Scientists have uncovered the fossil of a new species of a giant flying reptile in the Sahara desert.
However, it seems the 95-million-year-old pterosaur was not too fond of flying as it spent its time looking for prey in the once lush Sahara.
The Alanqa saharicafrom, discovered two years ago in southeast Morocco, belonged to a pterosaur family that flourished nearly 70 million years ago.
According to study leader Nizar Ibrahim of Ireland's University College Dublin, the jaw and neck bones of the newfound fossil make it the oldest known ancestor of the azhdarchids, a type of large pterosaur.
A. saharicafrom from had a toothless, beak-like jaw, a long, slender neck, and an estimated wingspan of 19.5 feet.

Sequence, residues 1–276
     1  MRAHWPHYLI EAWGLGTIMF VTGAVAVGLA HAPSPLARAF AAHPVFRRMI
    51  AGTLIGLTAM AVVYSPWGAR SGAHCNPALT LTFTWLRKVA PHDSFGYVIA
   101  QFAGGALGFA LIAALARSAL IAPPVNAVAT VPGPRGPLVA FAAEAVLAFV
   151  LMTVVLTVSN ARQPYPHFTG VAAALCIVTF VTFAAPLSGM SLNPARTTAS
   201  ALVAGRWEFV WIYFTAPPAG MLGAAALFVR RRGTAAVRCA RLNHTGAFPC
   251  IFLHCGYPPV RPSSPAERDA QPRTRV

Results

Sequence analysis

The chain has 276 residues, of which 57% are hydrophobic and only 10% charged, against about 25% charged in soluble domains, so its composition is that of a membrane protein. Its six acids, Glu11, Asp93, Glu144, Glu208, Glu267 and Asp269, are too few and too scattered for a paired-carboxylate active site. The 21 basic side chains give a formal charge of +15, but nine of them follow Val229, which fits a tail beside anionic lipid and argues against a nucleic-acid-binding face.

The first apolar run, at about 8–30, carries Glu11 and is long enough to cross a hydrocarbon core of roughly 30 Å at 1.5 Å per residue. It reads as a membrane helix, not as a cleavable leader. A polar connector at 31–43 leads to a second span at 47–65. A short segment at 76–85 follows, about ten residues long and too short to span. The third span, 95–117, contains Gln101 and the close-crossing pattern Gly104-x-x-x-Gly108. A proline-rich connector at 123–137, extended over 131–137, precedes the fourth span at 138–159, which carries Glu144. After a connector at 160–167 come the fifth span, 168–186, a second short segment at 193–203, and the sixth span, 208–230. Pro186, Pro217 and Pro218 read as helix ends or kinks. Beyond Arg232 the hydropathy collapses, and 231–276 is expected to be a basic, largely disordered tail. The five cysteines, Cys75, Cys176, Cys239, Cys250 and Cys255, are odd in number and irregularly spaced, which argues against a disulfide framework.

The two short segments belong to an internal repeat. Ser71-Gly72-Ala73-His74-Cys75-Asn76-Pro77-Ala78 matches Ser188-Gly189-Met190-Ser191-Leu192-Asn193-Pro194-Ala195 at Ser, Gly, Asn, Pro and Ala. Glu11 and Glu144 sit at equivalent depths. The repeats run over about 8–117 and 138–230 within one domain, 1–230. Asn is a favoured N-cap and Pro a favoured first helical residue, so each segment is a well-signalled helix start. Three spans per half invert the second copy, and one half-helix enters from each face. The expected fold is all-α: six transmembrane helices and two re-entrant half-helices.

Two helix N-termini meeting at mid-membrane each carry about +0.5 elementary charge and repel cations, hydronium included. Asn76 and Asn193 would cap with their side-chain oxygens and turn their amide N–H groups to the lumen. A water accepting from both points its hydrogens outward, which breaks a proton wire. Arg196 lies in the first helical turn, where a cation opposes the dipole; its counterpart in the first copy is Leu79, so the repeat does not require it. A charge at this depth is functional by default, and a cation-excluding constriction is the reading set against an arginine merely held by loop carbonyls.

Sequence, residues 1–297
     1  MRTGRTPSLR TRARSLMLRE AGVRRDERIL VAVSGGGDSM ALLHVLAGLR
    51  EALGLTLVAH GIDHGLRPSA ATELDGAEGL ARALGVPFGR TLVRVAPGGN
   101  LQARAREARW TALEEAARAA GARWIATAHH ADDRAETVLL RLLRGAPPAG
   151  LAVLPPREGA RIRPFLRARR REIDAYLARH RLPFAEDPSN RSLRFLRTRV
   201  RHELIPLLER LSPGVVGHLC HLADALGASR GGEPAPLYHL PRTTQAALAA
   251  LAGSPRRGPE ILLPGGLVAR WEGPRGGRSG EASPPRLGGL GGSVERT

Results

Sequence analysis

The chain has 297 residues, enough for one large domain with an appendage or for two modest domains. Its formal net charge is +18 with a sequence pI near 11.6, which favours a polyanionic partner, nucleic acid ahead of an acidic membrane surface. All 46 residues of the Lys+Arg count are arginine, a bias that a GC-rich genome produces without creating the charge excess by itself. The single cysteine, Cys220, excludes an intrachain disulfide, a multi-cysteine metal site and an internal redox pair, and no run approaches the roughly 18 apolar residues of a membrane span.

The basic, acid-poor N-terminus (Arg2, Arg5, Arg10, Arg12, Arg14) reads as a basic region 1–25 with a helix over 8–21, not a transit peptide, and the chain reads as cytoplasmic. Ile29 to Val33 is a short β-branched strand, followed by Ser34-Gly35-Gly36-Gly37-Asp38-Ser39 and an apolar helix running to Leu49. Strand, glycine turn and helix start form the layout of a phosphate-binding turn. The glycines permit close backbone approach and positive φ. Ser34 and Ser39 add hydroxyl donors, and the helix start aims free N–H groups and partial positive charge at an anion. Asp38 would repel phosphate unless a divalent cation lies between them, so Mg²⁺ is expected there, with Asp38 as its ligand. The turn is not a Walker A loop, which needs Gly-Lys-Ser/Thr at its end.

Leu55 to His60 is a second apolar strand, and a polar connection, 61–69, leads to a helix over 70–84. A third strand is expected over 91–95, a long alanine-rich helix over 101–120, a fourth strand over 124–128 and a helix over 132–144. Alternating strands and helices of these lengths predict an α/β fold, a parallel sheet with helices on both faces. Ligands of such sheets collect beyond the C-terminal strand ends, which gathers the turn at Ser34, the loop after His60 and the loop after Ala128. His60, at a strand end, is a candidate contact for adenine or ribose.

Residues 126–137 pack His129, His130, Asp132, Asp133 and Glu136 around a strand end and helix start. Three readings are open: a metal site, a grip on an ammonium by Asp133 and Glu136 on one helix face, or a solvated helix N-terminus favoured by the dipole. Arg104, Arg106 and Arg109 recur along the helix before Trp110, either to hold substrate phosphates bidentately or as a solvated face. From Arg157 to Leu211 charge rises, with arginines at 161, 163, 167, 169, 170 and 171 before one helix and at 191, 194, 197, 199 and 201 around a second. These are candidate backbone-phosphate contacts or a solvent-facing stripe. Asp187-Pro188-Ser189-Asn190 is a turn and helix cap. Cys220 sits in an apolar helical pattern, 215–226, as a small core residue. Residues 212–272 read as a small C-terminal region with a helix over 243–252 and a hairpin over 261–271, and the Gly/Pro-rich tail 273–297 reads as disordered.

"That tells us that even these very early azhdarchids were already pretty big and had the same kind of body proportions [as later giant species]," National Geographic News quoted Ibrahim, as saying.
Recent research also suggests that azhdarchids such as A. saharicafrom didn't fly that much.
A. saharicafrom could well have hunted "lizards and little dinosaurs with their long, slender jaws...a bit like a stork or a heron," said Ibrahim.
The findings have appeared May 26 in the journal PLoS ONE. (ANI)